Imatges de pÓgina

Yes; you




you and all

callid my Mafter a Knave: Fie, Mr. Shea ridán, 'tis a Shame For a Parson, who shou'd know better Things, to

come out with such a Name:
Knave in your Teeth, Mr. Sheridan, 'tis both a

Shame and a Sin,
And the Dean, my Master, is an honester Man than

and all your Kin:
He has more Goodness in his little Finger, than you

have in your whole Body, My Master is a parsonable Man, and not a spindle

shank'd Hoddy-daddy.'
And now whereby I find you would fain make an

Because my Master one Day, in Anger, call'd you

Which, and I am sure I have been his Servant four

Years since October,
And he never call'd me worse than Sweet-beart

drunk or sober:
Not that I know his Reverence was ever concern'd

to my Knowledge, Tho' you and your Come-rogues keep him out so late in your wicked College.


[ocr errors]

You say you will eat Grass on his Gravę; a

Christian eat Grass! Whereby you now confess your self to be a Goose

or an Ass: But that's as much as to say, that my Master should

die before ye; Well, well, that's as God pleases, and I don't be

lieve that's a třue Story, And so say I told you so, and you may go tell my

Master; what care I And I don't care who knows it, 'tiş all one to

Mary. Every Body knows that I love to tell Truth, and

shame the Devil; I am but a poor Servant, but I think gentle-Folks

should be civil. Besides, you found Fault with our Virtels one Day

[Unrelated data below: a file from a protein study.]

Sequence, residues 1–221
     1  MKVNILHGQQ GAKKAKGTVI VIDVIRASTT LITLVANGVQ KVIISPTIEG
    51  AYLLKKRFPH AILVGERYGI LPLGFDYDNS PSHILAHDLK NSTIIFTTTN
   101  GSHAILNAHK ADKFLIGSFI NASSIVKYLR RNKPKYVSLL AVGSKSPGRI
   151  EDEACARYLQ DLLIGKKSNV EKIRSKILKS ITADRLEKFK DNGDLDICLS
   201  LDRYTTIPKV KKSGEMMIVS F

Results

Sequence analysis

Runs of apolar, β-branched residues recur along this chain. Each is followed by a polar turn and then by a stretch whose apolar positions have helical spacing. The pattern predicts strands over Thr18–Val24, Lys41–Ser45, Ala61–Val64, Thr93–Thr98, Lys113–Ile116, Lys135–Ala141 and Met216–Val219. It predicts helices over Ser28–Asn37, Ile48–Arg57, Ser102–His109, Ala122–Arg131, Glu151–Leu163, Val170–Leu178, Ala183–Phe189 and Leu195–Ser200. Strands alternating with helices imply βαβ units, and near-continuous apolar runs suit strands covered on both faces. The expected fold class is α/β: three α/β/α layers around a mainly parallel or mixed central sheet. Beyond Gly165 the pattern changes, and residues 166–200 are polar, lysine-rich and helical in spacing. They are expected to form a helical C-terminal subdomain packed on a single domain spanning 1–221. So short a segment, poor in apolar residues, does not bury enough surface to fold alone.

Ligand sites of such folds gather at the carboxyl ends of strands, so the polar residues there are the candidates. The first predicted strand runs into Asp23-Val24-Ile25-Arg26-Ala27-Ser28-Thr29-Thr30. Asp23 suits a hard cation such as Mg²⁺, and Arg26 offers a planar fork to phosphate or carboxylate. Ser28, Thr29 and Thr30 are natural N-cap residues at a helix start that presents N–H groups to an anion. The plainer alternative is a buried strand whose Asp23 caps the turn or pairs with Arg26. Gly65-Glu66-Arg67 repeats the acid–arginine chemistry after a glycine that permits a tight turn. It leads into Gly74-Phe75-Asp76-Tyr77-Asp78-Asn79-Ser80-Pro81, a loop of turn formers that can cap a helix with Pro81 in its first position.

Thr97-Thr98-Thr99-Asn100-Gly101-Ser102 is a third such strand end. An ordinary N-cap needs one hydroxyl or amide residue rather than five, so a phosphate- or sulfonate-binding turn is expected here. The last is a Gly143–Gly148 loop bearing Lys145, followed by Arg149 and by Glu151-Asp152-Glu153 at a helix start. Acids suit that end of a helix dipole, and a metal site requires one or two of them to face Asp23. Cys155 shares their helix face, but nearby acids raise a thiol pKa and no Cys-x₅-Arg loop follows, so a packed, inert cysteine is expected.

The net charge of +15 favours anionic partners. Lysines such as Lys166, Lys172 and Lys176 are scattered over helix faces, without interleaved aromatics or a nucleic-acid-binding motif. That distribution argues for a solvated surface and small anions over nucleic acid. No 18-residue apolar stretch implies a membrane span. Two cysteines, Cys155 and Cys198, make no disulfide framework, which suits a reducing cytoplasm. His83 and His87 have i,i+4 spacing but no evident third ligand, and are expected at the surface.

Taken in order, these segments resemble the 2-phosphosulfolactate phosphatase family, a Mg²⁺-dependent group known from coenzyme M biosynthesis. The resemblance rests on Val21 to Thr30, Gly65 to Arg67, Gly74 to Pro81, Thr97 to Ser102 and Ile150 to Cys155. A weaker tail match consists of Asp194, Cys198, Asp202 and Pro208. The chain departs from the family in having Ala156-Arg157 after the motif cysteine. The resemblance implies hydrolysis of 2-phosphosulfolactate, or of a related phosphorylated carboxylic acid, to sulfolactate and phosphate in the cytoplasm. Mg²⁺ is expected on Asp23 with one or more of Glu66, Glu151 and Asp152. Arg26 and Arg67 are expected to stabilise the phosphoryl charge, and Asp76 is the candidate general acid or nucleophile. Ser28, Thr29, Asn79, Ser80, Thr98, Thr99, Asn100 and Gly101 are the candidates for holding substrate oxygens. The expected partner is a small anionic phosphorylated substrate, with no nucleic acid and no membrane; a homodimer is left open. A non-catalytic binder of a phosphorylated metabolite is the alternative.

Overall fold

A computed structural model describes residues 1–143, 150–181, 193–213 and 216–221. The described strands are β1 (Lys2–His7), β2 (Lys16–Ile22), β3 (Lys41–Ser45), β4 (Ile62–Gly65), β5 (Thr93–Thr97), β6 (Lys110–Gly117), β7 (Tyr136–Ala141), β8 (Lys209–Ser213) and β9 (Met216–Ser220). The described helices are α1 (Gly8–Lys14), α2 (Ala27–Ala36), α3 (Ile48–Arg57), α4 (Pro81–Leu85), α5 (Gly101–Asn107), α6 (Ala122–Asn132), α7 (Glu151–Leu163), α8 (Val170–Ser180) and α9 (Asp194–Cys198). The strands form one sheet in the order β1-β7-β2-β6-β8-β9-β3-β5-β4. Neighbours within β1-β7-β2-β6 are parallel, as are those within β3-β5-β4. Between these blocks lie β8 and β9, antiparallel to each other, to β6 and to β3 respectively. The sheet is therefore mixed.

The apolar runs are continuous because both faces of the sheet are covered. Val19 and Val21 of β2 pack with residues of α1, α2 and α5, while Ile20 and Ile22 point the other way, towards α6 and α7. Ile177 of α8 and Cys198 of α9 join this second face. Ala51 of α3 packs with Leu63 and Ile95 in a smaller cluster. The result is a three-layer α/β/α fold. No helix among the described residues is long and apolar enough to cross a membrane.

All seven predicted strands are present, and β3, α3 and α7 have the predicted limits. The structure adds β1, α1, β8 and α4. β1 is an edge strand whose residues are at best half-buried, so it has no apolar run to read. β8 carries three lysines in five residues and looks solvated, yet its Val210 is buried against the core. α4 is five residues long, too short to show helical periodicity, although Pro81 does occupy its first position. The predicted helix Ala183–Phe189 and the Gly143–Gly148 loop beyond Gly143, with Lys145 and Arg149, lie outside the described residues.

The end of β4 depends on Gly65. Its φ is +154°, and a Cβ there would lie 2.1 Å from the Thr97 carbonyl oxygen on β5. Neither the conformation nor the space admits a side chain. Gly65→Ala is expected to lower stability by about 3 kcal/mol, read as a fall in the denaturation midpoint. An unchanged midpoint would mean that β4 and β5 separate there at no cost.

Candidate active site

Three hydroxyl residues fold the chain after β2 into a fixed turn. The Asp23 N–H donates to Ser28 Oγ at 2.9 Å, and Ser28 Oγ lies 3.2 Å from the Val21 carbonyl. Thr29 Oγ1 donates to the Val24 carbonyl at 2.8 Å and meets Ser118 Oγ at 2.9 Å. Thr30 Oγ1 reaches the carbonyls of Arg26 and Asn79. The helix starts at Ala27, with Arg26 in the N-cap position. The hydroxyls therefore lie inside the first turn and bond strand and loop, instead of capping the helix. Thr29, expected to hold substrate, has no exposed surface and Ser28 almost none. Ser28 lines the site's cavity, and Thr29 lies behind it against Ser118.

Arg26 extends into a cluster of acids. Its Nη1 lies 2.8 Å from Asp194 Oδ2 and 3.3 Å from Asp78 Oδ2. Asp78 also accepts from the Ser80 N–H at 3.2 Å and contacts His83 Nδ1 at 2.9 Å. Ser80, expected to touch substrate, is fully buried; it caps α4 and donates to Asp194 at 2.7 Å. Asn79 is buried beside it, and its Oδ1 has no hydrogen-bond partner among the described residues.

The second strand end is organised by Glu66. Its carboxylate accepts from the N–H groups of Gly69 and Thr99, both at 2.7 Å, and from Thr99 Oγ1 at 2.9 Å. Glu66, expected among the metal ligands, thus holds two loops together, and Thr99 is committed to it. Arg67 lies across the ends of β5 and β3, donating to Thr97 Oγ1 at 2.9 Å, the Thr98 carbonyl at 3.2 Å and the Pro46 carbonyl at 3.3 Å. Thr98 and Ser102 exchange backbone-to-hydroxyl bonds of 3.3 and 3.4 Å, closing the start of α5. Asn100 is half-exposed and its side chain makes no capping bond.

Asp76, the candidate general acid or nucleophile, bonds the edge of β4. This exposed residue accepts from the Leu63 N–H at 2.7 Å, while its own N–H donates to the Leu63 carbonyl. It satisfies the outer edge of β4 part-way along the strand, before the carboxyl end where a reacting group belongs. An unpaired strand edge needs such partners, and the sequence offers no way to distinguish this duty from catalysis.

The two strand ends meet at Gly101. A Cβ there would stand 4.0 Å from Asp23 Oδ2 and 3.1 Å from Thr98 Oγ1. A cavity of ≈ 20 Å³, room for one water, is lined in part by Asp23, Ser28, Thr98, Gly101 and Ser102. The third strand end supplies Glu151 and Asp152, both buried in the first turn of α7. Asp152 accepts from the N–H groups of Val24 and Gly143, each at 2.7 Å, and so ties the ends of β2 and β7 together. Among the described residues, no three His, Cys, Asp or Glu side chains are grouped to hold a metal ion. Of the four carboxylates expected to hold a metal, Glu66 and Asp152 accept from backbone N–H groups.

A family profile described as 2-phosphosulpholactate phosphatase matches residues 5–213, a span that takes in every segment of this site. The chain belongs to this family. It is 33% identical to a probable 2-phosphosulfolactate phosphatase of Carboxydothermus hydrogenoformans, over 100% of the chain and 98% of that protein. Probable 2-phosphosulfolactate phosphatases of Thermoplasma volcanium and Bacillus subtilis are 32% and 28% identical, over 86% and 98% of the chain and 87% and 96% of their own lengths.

that you was here, I remember it was upon a Tuesday, of all Days in

the Year. And Saunders the Man says, you are always jesting

and mocking, Mary, said he, (one Day, as I was mending my

Master's Stocking,)


My Master is so fond of that Minister that keeps

the School; I thought my Master a wise Man, but that Man

makes him a Fool.
Saunders, said I, I would rather than a Quart of

He would come into our Kitchin, and I would pin

a Dish-clout to his Tail. And now I must


get Saunders to direc thiş
For I write but a fad Scrawl, but my

The writes better.
Well, but I must run and make the Bed before my

Master comes from Pray’rs,
And see now, it strikes Tey, and I hear him com-

Sister Marget


ing up Stairs:

[ocr errors]

Whereof I cou'd say more to your Verses, if I

could write written Hand; And so I remain in a civiļ Way, your Seryant to command,


[merged small][ocr errors]

PETHOX the Great.

Written in the Year 1723.


ROM Venus born, thy Beauty shows;

But who thy Father, no Man knows;,
Nor can the skilful Herald trace
The Founder of thy antient Race.
Whether thy Temper, full of Fire,
Discovers Vulcan for thy Sire;
The God who made Scamandre boil,
And round his Margin fing'd the Soil;
(From whence Philosophers agree,
An equal Pow'r descends to thee.)
Whether from dreadful Mars you claim
The high Descent from whence you came,
And, as a Proof, shew num'rous Scars
By fierce Encounters made in Wars;
(Those honourable Wounds you bore
From Head to Foot, and all before;)


[ocr errors]

And still the bloody Field frequent,
Familiar in each Leader's Tent,
Or whether, as the Learn'd contend,
You from the neighb’ring Garl descend;
Or from * Parthenope the Proud,
Where numberless thy Vot’rics crowd.
Whether thy great Forefathers came
From Realms that bear Vesputio's Name;
For fo Conjectors would obtrude,
And from thy painted Skin conclude.
Whether, as Epicurus shows
The World from joftling Seeds arose;
Which mingling with prolifick Strife
In Chaos, kindled into Life;
So your Production was the same,
And from contending Atoms came.

[ocr errors]

Thy fair indulgent Mother crown'd
Thy Head with sparkling Rubies-round;
Beneath thy decent Steps, the Road
Is all with precious Jewels (trow'd.
The Bird of Pallas knows his Post,
Thee to attend where-e'er thou go'st.

Napies. † Bubo, the Owl.

« AnteriorContinua »